Posts: 11547
Joined: 13 August 2003

Problem 1 is that the upper and lower lighting circuits would appear to have the neutrals switched as opposed to the phase wire

Would seem to be a rather unusual error. How have you identified this? Could it be a simple reverse polarity at a single point, or even mis-identifying faded core colours?
- Andy.
 25 February 2010 04:47 PM
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jockspark

Posts: 195
Joined: 23 February 2008

Originally posted by: Dale76uk

why dont people use correct terminology?

phase = line

main bonding??? = main protective bonding conductor



We're supposed to know what we're talking about!!


anyone else got a problem grasping the terminology ?
most of the guys on here have been in the game 10 years
plus. i have been in the game 35 year its only been line
from 2008 and there is reference to phase in that addition
i think it is clear what the op meant. but there again i am over 25yro
 25 February 2010 05:12 PM
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Paul1966

Posts: 1538
Joined: 21 December 2004

Precisely. You can't easily forget years of use just because some standards committee decides quite arbitrarily to change the "official" definitions at some point.

Look at the IEE Regs./BS7671 definition of "live conductor" for another example. The current definition is not the same as the old definition. Then there's all the changes like an e.c.c. becoming a c.p.c.
 25 February 2010 09:57 PM
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aspiringspark

Posts: 15
Joined: 14 October 2007

Thank you all for your comments, both constructive and corrective!

This was more of a 'can you look at while you're here' situation rather than an actual job. As the property is not within my patch, someone else will be tasked with the fix. The client, as such, requested an insite into the cause of his flickering lights and also the possible disruption (cost) in putting this right.

My quick look involved whipping off a few ceiling rose covers and a couple of wall switch plates, and doing a few polarity tests. It would seem that most switches were wired in 2way mode, using 2way light switches, and that only 1 out of 5 light fittings I tested had the phase wire switched.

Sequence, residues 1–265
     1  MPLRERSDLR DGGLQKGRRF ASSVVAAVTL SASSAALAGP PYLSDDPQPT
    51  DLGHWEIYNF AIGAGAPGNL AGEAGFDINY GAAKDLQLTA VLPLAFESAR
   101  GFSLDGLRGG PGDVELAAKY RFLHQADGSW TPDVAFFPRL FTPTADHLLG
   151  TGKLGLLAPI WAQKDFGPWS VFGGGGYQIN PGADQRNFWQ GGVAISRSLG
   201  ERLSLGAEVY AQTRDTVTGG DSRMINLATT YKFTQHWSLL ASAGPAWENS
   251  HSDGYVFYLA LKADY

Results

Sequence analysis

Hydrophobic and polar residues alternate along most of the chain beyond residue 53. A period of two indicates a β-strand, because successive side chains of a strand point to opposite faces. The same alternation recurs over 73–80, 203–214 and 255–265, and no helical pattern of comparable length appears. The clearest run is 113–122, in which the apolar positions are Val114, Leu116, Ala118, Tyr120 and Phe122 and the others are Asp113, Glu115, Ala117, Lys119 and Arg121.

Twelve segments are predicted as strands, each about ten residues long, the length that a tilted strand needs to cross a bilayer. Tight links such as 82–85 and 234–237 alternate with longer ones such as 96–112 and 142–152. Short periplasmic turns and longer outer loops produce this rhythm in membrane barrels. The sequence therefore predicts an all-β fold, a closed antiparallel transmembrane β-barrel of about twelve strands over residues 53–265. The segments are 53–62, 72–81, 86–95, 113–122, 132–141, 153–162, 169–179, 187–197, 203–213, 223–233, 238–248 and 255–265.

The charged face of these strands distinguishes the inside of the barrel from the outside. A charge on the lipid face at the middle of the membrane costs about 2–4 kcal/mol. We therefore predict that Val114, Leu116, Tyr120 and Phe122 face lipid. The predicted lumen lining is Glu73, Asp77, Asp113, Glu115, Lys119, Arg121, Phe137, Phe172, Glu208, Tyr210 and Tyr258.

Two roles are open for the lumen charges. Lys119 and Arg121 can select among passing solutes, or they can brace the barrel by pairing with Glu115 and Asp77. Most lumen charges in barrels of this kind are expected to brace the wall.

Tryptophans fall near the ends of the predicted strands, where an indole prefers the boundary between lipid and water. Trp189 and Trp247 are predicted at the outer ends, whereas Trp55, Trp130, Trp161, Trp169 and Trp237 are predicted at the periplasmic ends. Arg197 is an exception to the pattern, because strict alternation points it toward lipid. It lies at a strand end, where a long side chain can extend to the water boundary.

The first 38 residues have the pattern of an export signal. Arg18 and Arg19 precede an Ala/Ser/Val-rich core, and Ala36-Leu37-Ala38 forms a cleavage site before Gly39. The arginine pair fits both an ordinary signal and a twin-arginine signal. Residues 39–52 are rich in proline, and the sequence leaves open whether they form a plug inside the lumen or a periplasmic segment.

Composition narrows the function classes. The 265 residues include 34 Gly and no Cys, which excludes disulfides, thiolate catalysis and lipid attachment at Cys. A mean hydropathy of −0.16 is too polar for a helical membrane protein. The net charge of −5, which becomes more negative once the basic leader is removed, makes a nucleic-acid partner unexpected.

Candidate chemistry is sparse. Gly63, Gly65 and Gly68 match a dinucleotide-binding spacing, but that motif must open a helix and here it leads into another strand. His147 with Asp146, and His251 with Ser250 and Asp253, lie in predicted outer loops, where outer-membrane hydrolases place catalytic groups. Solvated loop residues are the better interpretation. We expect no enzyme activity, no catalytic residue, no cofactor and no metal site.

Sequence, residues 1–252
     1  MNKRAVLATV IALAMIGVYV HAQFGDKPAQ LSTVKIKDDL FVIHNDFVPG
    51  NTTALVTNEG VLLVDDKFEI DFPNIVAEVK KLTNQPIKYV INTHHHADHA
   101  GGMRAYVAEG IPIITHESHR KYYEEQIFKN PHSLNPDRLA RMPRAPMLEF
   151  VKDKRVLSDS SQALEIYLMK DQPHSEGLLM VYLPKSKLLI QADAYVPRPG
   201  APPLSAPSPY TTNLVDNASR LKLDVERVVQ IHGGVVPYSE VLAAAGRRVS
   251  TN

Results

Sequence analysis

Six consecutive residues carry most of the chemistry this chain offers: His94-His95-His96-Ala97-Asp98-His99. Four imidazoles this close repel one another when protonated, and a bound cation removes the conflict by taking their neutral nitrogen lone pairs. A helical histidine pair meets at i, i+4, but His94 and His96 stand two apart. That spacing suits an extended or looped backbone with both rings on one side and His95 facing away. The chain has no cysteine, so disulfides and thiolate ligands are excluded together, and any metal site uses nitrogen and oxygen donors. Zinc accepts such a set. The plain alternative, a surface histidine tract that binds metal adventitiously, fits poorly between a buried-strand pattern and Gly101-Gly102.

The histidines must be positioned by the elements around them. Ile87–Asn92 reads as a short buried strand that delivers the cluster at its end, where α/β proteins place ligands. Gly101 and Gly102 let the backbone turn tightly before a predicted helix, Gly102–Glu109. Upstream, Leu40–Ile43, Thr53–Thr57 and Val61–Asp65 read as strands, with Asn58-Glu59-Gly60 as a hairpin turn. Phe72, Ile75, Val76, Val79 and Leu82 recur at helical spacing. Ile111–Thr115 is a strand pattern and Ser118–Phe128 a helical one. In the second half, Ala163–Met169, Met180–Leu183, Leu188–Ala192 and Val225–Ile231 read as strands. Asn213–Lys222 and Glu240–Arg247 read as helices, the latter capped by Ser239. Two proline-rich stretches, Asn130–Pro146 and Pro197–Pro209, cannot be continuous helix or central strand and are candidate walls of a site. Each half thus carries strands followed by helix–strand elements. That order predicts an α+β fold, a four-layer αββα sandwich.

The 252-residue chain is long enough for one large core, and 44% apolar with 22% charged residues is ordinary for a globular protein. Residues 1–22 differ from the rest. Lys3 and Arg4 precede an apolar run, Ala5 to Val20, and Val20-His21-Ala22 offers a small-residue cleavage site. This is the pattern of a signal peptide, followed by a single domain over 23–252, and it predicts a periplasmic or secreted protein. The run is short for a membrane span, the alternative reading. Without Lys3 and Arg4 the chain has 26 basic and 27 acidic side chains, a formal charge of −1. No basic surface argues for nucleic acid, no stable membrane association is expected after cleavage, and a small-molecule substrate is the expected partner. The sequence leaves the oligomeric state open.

Since only 2 of the 5 ceiling roses were wired loop-in, loop-out fashion, I concluded there were obviously hidden junction boxes dotted around.

I also concluded that this must have been a DIY job, hence the strangenous of the wiring and the obvious lack of certification. Ain't that always the case!

By the looks of it:- The main protective bonding conductor to the water pipe will involve a certain amount of floor ripping up, in order to increase its' csa. I don't think surface mounting will be an option somehow.

The upper lighting circuit could be properly fixed, as I believe all the connections are probably accessible in the loft space.

With the lower lighting circuit ,whilst polarity can be sorted with an accompanying note on the EIC, Carl what do you mean by 'if the wiring is done a certain way'? The method you describe using DP switches, or excessive cable length (inter-conductor capacitance), routing etc?
 26 February 2010 11:09 AM
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AJJewsbury

Posts: 11547
Joined: 13 August 2003

low energy lights would continually flicker when supposedly off.

A common problem - often due to the capacitance between L and SL on switch drops allowing a small current to flow when switches off - enough to keep charging the electronics in the base of the CFL and produce a quick 'flash' once enough charge has accumulated. The longer the switch drops, the more likely the problem - 2-way switching almost inevitably means longer drops and so higher capacitance - especially if the "modern" method of using 3&E between switches is used.

A quick search of the forum for "flickering" should turn up a few threads on the subject.

- Andy.